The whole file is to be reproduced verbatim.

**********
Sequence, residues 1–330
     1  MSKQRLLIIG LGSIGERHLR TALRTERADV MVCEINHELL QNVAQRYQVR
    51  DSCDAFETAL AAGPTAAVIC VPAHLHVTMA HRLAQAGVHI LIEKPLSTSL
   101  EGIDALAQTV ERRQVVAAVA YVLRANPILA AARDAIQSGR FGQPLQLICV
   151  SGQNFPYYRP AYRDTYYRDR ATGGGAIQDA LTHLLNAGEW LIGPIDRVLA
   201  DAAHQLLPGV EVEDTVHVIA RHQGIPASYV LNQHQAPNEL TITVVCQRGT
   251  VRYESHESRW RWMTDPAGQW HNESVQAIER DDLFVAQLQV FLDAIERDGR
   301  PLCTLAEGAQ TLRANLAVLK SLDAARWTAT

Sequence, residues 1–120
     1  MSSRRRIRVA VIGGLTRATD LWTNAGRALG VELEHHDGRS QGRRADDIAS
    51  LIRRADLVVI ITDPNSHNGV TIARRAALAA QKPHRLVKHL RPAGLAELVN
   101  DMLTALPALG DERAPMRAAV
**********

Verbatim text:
Sequence, residues 1–330
     1  MSKQRLLIIG LGSIGERHLR TALRTERADV MVCEINHELL QNVAQRYQVR
    51  DSCDAFETAL AAGPTAAVIC VPAHLHVTMA HRLAQAGVHI LIEKPLSTSL
   101  EGIDALAQTV ERRQVVAAVA YVLRANPILA AARDAIQSGR FGQPLQLICV
   151  SGQNFPYYRP AYRDTYYRDR ATGGGAIQDA LTHLLNAGEW LIGPIDRVLA
   201  DAAHQLLPGV EVEDTVHVIA RHQGIPASYV LNQHQAPNEL TITVVCQRGT
   251  VRYESHESRW RWMTDPAGQW HNESVQAIER DDLFVAQLQV FLDAIERDGR
   301  PLCTLAEGAQ TLRANLAVLK SLDAARWTAT

Sequence, residues 1–120
     1  MSSRRRIRVA VIGGLTRATD LWTNAGRALG VELEHHDGRS QGRRADDIAS
    51  LIRRADLVVI ITDPNSHNGV TIARRAALAA QKPHRLVKHL RPAGLAELVN
   101  DMLTALPALG DERAPMRAAV